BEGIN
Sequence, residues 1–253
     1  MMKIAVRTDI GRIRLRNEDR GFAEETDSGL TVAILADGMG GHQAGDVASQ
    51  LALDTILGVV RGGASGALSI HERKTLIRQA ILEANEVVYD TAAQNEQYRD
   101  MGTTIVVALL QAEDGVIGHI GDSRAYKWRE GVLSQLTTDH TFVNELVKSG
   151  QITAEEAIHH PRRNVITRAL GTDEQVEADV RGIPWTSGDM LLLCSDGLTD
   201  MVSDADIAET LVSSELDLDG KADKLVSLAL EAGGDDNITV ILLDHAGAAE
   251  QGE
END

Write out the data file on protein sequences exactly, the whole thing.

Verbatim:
Sequence, residues 1–253
     1  MMKIAVRTDI GRIRLRNEDR GFAEETDSGL TVAILADGMG GHQAGDVASQ
    51  LALDTILGVV RGGASGALSI HERKTLIRQA ILEANEVVYD TAAQNEQYRD
   101  MGTTIVVALL QAEDGVIGHI GDSRAYKWRE GVLSQLTTDH TFVNELVKSG
   151  QITAEEAIHH PRRNVITRAL GTDEQVEADV RGIPWTSGDM LLLCSDGLTD
   201  MVSDADIAET LVSSELDLDG KADKLVSLAL EAGGDDNITV ILLDHAGAAE
   251  QGE